Material culture refers to the physical objects, resources, and spaces that people use to define their culture. These include homes, neighborhoods, cities, schools, churches, synagogues, temples, mosques, offices, factories and plants, tools, means of production, goods and products, stores, and so forth.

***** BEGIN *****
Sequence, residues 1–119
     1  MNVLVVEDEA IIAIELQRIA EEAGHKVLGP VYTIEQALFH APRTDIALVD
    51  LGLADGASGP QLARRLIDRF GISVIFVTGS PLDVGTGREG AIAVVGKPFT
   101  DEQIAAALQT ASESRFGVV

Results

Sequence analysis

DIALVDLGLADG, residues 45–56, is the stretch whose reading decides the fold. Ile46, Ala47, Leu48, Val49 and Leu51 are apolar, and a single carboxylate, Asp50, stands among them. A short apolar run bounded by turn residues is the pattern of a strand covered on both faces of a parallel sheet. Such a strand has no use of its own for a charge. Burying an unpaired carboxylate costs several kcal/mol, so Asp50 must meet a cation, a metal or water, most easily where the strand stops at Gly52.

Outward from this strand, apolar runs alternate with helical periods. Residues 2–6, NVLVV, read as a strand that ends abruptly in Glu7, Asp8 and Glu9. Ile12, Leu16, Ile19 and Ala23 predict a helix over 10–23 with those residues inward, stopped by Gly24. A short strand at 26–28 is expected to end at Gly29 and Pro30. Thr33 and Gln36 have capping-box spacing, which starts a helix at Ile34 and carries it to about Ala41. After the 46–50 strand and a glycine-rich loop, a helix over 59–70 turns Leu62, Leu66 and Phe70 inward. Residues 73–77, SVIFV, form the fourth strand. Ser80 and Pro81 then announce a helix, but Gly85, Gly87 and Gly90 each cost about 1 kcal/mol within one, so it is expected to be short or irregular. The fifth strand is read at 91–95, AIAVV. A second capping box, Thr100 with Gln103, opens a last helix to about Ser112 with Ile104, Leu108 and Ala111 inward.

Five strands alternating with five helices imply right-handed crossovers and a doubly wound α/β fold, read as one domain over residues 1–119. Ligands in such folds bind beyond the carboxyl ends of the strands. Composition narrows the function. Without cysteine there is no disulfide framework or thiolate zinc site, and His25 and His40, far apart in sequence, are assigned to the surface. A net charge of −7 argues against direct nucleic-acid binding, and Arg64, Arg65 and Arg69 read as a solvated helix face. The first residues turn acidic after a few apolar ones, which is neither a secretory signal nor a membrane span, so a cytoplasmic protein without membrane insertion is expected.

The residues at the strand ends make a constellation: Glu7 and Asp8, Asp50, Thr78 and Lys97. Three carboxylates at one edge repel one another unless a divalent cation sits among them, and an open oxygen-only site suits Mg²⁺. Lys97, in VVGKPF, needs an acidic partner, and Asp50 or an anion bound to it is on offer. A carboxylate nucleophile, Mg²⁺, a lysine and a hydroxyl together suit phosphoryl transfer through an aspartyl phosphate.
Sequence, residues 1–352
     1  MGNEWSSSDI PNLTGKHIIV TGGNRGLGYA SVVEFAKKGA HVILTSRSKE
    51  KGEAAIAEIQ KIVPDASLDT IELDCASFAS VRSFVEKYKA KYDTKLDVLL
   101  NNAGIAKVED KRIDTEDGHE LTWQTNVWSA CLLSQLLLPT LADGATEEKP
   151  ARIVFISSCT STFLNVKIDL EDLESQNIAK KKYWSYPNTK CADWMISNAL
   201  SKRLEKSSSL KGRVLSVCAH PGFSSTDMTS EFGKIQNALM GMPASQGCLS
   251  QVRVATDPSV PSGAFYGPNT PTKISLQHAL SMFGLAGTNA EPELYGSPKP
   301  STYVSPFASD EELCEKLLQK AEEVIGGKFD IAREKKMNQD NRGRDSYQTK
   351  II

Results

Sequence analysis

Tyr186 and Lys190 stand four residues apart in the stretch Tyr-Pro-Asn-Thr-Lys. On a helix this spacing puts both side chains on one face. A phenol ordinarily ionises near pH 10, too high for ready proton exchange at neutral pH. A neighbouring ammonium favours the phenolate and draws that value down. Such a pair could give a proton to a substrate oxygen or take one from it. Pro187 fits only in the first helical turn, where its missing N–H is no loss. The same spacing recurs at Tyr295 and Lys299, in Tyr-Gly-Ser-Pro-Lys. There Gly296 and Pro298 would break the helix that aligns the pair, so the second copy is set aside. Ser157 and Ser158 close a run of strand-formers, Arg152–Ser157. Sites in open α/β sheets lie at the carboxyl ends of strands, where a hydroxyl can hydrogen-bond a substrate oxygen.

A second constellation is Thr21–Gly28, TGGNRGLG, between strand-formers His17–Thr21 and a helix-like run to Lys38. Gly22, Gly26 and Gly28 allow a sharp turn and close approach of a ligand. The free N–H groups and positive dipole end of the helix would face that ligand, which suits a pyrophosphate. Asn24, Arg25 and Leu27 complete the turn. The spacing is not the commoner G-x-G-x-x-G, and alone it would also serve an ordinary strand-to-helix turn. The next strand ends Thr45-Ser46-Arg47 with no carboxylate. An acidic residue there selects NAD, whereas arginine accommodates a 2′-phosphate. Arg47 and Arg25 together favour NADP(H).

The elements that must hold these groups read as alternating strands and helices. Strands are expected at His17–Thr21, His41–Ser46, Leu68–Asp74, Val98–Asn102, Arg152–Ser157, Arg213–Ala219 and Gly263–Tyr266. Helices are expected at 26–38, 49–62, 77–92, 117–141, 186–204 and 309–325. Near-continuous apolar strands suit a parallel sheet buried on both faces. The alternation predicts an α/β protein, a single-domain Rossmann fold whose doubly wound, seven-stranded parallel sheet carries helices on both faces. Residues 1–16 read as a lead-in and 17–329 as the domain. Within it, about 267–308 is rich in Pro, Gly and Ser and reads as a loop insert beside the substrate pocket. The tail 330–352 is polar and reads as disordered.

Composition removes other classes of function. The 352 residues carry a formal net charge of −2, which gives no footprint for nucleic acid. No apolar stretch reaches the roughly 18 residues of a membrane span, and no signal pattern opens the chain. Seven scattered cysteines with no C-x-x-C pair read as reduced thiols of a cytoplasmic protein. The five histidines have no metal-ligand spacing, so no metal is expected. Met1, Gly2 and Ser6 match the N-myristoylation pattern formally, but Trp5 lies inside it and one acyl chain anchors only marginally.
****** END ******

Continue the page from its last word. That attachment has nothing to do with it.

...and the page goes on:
Non‐material culture refers to the nonphysical ideas that people have about their culture, including beliefs, values, rules, norms, morals, language, organizations, and institutions.
Separation of powers, therefore, refers to the division of government responsibilities into distinct branches to limit any one branch from exercising the core functions of another. The intent is to prevent the concentration of power and provide for checks and balances.